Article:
Examples of attractive nuisances this law is intended to alleviate (especially when bears are reported or likely to be in an area) are:
- unsecured garbage, flimsy garbage cans and composts.
- bird feeders within reach of bears.
- pet foods left outside.
- unsecured small pets.
- uncleaned barbeques.
People living in and visitors to black bear country can forestall bad bruin behavior by eliminating the circumstances and things that provoke it, say fish and wildlife officials.
Under the second more egregious scenario, anyone who knowingly or with purpose (intentional) puts out food and/or garbage to draw large wild carnivores onto land or to a building can be charged with a misdemeanor crime that can carry a fine of up to $1,000.
Reasons always go with deliberacy and proving intent is a harder case to make, but persons who do not hunt occasionally have tried to intentionally lure bears.
A Glacier area resident about eight years ago put out sweet foods to attract a bear close enough to his house to photograph it and told other residents of his effort.
The young unwitting bear involved, after a number of complaints and a trap/relocate effort, had to be killed because it had become habituated to human food sources and therefore posed too much of a risk to humans.
Farmers and ranchers conducting their operations in accordance with Titles 15 and 16 of the Revised Code of Washington are not directly subject to the RCW 77.15.790, which also does not apply to waste disposal facilities that are operating in compliance with all federal, state and municipal laws.
Timber industry workers engaged in certain feeding activities to ward off tree damage by black bears, researchers and others with scientific collection permits together with fish and wildlife department personnel trapping nuisance or dangerous animals also are exempted from this anti-animal-feeding law.
However, Section 790 does allow that if a fish and wildlife officer can articulate facts supporting a contention that there is an overriding public safety concern resulting from conditionally exempt activities, a written warning and requirement to abate may be issued.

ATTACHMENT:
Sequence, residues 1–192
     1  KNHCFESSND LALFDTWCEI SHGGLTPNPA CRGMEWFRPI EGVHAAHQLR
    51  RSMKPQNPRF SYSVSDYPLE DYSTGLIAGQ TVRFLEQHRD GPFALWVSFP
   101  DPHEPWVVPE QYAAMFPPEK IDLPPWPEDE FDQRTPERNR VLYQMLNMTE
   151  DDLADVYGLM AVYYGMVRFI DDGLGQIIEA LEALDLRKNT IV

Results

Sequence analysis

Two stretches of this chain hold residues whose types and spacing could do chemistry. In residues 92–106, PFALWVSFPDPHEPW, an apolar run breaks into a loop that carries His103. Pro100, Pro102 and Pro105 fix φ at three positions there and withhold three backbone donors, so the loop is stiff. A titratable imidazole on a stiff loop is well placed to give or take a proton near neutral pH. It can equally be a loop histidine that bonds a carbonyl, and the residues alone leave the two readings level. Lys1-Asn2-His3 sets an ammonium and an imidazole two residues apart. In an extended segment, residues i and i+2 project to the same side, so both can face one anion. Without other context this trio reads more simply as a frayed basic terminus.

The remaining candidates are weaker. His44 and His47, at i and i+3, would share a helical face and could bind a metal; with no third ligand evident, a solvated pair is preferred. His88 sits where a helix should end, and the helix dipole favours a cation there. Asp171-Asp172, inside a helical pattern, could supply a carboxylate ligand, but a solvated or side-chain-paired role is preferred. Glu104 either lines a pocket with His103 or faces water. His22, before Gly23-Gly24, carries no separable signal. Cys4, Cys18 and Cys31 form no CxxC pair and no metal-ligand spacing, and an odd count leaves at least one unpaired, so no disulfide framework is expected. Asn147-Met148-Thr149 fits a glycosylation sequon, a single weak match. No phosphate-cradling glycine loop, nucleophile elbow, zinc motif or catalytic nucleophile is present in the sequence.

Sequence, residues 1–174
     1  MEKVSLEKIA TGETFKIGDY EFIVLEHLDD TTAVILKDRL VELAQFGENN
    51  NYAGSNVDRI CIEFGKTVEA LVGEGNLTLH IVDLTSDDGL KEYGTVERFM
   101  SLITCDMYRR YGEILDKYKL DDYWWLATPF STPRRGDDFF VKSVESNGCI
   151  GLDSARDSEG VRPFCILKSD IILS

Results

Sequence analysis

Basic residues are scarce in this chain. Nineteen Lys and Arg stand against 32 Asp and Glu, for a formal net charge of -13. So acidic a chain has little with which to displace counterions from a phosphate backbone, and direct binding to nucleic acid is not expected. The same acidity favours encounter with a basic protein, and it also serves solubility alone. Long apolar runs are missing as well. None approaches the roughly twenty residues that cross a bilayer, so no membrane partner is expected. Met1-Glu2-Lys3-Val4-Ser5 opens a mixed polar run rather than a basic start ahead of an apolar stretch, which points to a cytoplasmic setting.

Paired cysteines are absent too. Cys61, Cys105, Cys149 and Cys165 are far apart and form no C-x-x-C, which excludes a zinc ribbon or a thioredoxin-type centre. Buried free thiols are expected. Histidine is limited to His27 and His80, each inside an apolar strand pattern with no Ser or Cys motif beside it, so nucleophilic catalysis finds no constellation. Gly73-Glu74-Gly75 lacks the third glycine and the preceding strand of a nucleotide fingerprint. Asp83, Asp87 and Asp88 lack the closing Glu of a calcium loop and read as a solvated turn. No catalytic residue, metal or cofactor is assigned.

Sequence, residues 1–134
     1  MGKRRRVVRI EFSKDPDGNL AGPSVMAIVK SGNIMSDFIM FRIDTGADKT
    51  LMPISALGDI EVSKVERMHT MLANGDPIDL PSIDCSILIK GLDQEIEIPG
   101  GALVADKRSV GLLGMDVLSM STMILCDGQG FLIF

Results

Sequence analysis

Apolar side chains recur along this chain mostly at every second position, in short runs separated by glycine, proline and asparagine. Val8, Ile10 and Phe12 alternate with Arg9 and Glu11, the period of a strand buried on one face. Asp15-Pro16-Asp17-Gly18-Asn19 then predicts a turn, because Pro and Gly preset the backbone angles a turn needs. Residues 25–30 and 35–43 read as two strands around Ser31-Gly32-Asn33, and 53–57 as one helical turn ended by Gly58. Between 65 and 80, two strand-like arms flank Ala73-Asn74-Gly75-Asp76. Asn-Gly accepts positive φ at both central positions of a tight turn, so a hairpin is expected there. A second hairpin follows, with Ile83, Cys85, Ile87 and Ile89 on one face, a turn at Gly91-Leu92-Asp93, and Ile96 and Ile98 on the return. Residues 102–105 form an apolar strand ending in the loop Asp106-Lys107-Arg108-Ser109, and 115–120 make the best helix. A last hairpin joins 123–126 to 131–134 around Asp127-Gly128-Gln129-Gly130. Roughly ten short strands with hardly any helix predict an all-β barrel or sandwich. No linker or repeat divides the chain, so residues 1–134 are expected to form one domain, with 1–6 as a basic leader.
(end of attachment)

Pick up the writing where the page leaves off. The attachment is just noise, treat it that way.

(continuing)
The exempt party then has 48 hours to remove or clean up the attractive (food source) nuisances or face an infraction notice.
A FED BEAR IS A DEAD BEAR
It is a grim reality for some black bears that their fondness for handy human food sources alone can be their undoing.
In the aforementioned Glacier area case the animal was first captured, tagged, moved and released in a remote location.
But it found its way back over a considerable distance and resumed its foraging around residences.
It did not get another chance after its recapture, which involved the use of food bait.
Courts have found in several cases of attacks by wild animals known to have had previous close interactions with humans that state wildlife management agencies can be liable for the subsequent damage and injuries these specific "managed" animals cause.
A "trouble" animal with a documented history of threatening behavior towards humans or domestic animals as well as one that repeatedly forages for food around human facilities is highly likely to remain disposed to do so.
Risk managers now say that the act of relocating and releasing that animal can also transfer the onus and legal responsibility for future misbehavior to the state. Elk and deer are managed in Washington by the state, therefore the agriculture damage they do must be paid for by hunters.
Relocating trouble black bears remains an option but in some regions of Washington there aren't enough road-accessible remote areas into which bruin behavioral problems can be driven for release.
A second often unseen consequence of relocation is that such animals, especially young male or boar blacks, shortly after being let go may be killed by an older indigenous bear. Sometimes the released animal will kill a bear occupant in its transplant territory to make room for itself.
Either way, transplants can result in a bear death.